WEST HOLLYWOOD (CBSLA) — West Hollywood’s iconic Troubadour club has created a GoFundMe to help pay staff members as their doors remain temporarily closed due to the COVID-19 pandemic.
The historic venue, with a stage that has hosted hundreds of music legends, has been unable to operate since the shutdowns began leaving their staff out of work.READ MORE: Los Angeles Clippers Hold Off Lakers, 119-115
“We are a small, independently-owned, venue and have an hourly staff of over 20 people. Our team consists of bartenders, security, sound and lighting engineers and box office personnel. These are the people welcoming you into the venue and bringing you great experiences inside the showroom,” the club wrote on their GoFundMe page.
“We are reaching out to our community for support and are asking you to please donate if you can. If you are unable to donate at this time, please share our GoFundMe link. Anything helps!”
Manager Christine Karayan said the last concert played at the location was on March 11. Karayan’s family has owned and operated the club since the 1980s.
“The Troubadour has had its ups and downs financially, musically, but we’ve always weathered the storm, but I don’t think anyone has seen a storm like this,” she said.
The beloved venue is where a 20-year-old Elton John performed in the 1970s, becoming a superstar overnight as depicted in the film Rocket Man.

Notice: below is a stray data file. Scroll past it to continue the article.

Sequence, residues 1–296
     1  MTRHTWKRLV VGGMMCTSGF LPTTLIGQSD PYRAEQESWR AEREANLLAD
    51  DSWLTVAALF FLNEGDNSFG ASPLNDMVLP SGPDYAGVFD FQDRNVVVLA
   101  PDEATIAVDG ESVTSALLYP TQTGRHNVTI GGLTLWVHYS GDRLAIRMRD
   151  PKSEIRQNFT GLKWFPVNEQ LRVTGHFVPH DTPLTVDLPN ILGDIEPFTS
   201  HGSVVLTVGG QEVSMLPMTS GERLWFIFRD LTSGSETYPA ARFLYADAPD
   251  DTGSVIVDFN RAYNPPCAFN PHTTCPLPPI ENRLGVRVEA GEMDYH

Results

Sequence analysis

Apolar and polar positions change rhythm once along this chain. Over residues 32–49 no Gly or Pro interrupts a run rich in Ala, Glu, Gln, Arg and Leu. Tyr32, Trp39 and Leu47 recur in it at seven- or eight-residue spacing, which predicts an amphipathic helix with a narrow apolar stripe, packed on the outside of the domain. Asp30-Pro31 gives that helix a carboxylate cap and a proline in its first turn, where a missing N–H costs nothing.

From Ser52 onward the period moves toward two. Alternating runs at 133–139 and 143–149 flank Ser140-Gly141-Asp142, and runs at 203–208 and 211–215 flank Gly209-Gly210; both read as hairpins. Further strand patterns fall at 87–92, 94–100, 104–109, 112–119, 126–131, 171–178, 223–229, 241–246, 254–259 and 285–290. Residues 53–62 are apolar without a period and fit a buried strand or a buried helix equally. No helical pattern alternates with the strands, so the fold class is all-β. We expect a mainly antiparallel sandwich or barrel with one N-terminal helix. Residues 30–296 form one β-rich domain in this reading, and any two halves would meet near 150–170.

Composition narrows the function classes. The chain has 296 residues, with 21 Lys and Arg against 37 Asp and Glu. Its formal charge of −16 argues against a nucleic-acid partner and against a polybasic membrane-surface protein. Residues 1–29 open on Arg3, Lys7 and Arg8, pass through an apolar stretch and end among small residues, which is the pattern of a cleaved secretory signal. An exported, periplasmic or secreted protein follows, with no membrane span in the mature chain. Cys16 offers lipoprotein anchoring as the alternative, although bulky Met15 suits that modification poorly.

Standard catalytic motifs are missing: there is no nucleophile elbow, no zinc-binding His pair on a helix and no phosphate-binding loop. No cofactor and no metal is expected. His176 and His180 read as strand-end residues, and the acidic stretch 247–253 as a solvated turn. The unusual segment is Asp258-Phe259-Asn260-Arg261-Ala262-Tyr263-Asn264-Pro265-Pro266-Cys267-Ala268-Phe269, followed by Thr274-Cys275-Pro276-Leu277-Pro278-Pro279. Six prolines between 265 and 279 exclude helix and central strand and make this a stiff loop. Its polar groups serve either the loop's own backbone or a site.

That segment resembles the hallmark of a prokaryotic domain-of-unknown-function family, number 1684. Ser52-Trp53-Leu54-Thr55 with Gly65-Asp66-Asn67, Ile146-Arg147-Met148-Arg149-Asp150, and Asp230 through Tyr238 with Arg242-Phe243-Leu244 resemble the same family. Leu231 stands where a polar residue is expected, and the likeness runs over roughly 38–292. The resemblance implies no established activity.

“At the end of that show, Elton was a superstar, and before the show, no one had ever heard of him,” said Grammy Award-winning producer Peter Asher.READ MORE: Gaudreau, Tkachuk Lead Flames Over Ducks In Shootout
Asher was there the night Elton John performed, and on many other extraordinary nights in music history, representing artists like Linda Ronstadt and James Taylor.
“Already the Troubadour was legendary,” Asher said. “We knew that it was the place to play, and we played there a number of times. I think James Taylor we did four times altogether.”
The Troubadour could remain closed for months before concert venues reopen under Gov. Newsom’s final and fourth phase, but even then capacity will have to be limited.
The Troubadour is not the only iconic music hub to be hit by the pandemic.
Last week, Amoeba Music announced that the massive impact from the pandemic has forced the closure of the original Hollywood location at the corner of Sunset and Cahuenga.
The music store will remain closed until it can move into its new Hollywood location this fall.
According to the page, 100% of the donations will go towards helping their staff and the venue.MORE NEWS: La Mirada Home Decorated Like 'National Lampoon's Christmas Vacation' Could Face Fines Over Display
To donate to or share the Troubadour’s GoFundMe, click here.